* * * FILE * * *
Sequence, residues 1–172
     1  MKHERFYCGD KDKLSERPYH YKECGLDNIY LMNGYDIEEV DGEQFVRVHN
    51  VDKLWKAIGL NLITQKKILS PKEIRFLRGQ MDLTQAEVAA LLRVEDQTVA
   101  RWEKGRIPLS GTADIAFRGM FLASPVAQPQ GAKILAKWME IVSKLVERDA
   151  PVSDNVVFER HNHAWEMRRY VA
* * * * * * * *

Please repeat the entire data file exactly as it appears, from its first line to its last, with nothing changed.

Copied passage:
Sequence, residues 1–172
     1  MKHERFYCGD KDKLSERPYH YKECGLDNIY LMNGYDIEEV DGEQFVRVHN
    51  VDKLWKAIGL NLITQKKILS PKEIRFLRGQ MDLTQAEVAA LLRVEDQTVA
   101  RWEKGRIPLS GTADIAFRGM FLASPVAQPQ GAKILAKWME IVSKLVERDA
   151  PVSDNVVFER HNHAWEMRRY VA